Workplace stress is unlike other kinds of stress because work involves the mind so much that it often makes people lose focus on the bigger picture, and divert concentration to the small things. I’ll make sure that you learn techniques and methods to help you be more effective at work to deal with workplace stress.
Have you ever gotten frustrated with an endless stream of deadlines and to-do lists that never seem to get finished?
Sometimes the pressure can be overwhelming and cause someone to get thrown off their path due to the stress of completing the tasks at hand.
I’ve learned that dealing with stress effectively is important to achieving long-term goals because the effects of stress can be cumulative on a mental and physical level.
The truth is that dealing with stress has not been easy for me, and it’s something I still struggle with each day.
In this article, I’m to share some tips with you that have helped me to stay focused, improve productivity and combat the effects stress has had on my body and mind.
1. Get a positive focus
“Stay positive” is heard so often in the personal development world that sometimes it makes people feel negative. It’s hard to stay positive when stuff goes wrong. And sometimes, feeling negative is a necessary part of the process of finding solutions for problems.
The goal is to stay positive over the long term.
Staying positive over the long haul involves choosing to focus on the positive things while accepting that negative things will always happen.
This isn’t about denying reality and forcing a happy outlook all the time. It isn’t about forcing happiness and not accepting any negative feeling.
It’s about accepting certain daily inconveniences and figuring out how they factor into achieving a long-term goal.
Doing the following things really helped reconnect to the bigger picture and deal with workplace stress in a more productive way:
- Checking out stuff on social media that made me smile or laugh (and making sure I didn’t get lost and waste time there!)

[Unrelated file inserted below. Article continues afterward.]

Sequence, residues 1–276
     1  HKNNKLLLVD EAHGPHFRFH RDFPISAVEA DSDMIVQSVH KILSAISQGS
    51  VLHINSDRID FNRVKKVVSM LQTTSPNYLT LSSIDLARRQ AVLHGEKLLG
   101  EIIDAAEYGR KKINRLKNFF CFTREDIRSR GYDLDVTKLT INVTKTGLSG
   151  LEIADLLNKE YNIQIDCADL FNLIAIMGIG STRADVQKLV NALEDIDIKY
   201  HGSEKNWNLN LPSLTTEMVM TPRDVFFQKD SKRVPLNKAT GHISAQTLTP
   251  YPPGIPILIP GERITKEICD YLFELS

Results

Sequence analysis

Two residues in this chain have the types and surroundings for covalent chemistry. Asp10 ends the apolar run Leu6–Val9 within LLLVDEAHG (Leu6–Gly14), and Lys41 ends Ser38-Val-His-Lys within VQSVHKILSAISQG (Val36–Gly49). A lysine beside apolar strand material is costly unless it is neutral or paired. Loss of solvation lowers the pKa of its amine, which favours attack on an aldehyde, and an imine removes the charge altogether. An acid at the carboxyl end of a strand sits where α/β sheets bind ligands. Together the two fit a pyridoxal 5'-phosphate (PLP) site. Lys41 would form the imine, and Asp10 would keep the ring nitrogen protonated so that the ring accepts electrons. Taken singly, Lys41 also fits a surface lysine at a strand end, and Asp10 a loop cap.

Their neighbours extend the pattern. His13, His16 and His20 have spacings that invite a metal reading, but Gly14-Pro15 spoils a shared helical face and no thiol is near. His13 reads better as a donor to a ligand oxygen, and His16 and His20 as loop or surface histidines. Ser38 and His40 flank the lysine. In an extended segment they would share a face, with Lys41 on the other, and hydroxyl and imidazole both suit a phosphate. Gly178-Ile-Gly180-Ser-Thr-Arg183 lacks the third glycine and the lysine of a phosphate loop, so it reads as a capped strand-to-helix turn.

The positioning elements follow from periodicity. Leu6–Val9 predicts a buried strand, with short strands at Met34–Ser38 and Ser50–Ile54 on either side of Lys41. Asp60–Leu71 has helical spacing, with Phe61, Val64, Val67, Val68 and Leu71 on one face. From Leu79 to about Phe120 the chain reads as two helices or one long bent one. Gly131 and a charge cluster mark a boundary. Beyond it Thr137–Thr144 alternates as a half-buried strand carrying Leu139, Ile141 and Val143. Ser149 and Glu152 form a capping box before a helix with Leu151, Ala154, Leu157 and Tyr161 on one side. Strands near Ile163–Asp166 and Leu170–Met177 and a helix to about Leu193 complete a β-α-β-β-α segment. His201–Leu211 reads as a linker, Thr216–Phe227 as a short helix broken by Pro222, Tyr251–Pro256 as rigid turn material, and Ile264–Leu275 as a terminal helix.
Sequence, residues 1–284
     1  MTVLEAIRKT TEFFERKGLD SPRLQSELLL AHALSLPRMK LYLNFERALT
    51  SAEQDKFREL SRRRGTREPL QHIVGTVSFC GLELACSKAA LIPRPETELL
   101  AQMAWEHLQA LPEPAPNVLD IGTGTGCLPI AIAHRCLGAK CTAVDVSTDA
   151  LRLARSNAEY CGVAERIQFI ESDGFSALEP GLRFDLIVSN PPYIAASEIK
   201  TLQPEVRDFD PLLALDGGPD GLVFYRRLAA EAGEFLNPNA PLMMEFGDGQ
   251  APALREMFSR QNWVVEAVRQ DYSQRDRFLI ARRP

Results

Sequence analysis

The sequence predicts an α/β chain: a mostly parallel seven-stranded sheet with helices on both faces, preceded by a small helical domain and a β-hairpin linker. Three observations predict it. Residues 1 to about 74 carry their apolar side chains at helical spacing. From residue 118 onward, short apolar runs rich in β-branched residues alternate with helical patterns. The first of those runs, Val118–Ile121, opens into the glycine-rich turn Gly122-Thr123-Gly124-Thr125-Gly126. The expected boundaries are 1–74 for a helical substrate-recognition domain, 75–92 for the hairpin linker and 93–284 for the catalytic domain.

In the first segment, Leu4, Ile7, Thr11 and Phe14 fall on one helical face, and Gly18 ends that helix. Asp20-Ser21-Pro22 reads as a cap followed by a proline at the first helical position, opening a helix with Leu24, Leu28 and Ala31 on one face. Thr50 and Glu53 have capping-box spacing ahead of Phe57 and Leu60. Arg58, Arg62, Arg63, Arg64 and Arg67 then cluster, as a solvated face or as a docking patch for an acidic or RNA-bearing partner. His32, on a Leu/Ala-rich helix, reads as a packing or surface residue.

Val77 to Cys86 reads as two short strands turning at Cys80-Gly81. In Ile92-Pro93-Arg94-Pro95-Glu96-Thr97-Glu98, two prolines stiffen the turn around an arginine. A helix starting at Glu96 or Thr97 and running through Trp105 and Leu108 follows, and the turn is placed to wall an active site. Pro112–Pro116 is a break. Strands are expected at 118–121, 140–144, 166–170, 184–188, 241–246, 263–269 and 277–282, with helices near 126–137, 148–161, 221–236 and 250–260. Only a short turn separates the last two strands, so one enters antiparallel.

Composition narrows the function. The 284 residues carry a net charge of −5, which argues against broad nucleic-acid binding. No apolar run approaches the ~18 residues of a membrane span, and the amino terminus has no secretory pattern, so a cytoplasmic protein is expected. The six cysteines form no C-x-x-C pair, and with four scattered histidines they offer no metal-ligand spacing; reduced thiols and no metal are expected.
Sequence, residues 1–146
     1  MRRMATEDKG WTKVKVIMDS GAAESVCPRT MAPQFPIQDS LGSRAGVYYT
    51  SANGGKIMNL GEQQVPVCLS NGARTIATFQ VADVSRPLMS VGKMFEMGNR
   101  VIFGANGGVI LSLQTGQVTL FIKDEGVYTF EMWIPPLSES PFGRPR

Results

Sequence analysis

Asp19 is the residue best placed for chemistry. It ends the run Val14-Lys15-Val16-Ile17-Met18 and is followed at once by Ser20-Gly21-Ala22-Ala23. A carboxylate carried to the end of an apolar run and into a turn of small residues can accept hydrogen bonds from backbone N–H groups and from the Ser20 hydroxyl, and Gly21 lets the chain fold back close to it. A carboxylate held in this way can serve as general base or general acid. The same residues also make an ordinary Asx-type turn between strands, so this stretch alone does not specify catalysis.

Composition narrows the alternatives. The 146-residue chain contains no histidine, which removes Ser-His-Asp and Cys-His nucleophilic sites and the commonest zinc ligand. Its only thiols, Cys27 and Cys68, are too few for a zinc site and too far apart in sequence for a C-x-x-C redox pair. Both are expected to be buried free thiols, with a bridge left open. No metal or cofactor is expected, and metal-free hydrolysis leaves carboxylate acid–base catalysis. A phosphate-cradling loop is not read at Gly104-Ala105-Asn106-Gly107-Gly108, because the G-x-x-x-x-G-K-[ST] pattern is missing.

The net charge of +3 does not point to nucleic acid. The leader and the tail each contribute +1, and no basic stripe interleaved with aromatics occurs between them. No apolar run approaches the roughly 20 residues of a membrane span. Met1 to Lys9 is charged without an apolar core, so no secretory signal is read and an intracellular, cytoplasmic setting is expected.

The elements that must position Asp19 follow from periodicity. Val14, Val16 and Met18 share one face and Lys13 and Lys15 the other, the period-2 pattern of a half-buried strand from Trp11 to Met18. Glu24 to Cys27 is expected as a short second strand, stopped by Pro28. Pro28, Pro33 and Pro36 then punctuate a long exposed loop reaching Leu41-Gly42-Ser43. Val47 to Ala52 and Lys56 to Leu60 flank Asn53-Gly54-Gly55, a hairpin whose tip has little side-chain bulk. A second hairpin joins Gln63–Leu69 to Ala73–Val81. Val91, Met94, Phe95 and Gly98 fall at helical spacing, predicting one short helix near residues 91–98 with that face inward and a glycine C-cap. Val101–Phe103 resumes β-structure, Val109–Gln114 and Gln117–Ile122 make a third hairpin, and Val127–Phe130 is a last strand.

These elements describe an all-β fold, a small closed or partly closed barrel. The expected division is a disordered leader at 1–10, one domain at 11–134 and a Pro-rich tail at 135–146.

- Quick meditation and breathing exercises to re-calibrate my brain
- Standing up, smiling and looking upwards because I found it was impossible to think negatively while doing that
- Looking out the window and finding something to love that would uplift my mood
These all act to change your focus onto something positive, rather than getting dragged into a negative, stressful cycle. The break the pattern so as you can bring a fresh, positive perspective to the problem.
2. Reframing thoughts
I find the way I talk to myself affects the meaning of the words I use. It means that when I talk to myself (which is often), I had better be saying the right things to myself!
For example, “putting on big boy pants” vs “putting on happy pants” vs. “putting on everyday pants” might be the same article of clothing but the language used changes up the meaning, makes me think differently and can lead to different actions and outcomes.
Some more examples I find useful in reframing thoughts in the workplace:
Tasks = > Outcomes: Learning to focus on the money that’s being earned or the goal that will be achieved instead of the inconvenience of the task at hand.
Dealing with a “problem” customer -> Developing business skills: Getting caught up in customer complaints was challenging, but ultimately understanding their issues helped me to provide better service and improved my capacity to do business with many kinds of people.
Working to pay bills -> Working to build a future:
Working to just exist usually means that there is a lack of goals. Setting goals and focusing on achieving them helped me put the work I did into perspective. It framed my mind to look forward to the future and not the due date on my bills.
The way we think is truly affected by our language, and here is a video by Lera Boroditsky explaining this concept further.
3. Change your posture
Each posture we assume puts the spine in a different position and that affects the capacity of our lungs, oxygenation of our body and ultimately our neurochemistry.
Having said that, your mood can really change depending on your posture. Here is a great video by Amy Cuddy on Ted Talks that gives you the scientific basis for why your posture can change not only how you feel, but who you become:
One technique for dealing with information overwhelm during a meeting was to stand up and confirm what was being said. This was a way I could confidently clarify any conflicting ideas and confirm the developments that were being discussed.
4. Get moving and breathe to lower stress
Often just staying in the same seated position is enough to make one’s mood deteriorate. Walking, running or hitting the gym will increase oxygenation, circulation, boost key hormones connected to mood and set the right frame of mind.
Likewise, this can be applied to the workday by having a walking meeting. We’ve all heard of coffee meetings, but these come with the negative effects of sitting. I found that walking and talking side-by-side is more natural and relaxed. You can try this to see if it will improve your own workplace communications, as it did mine.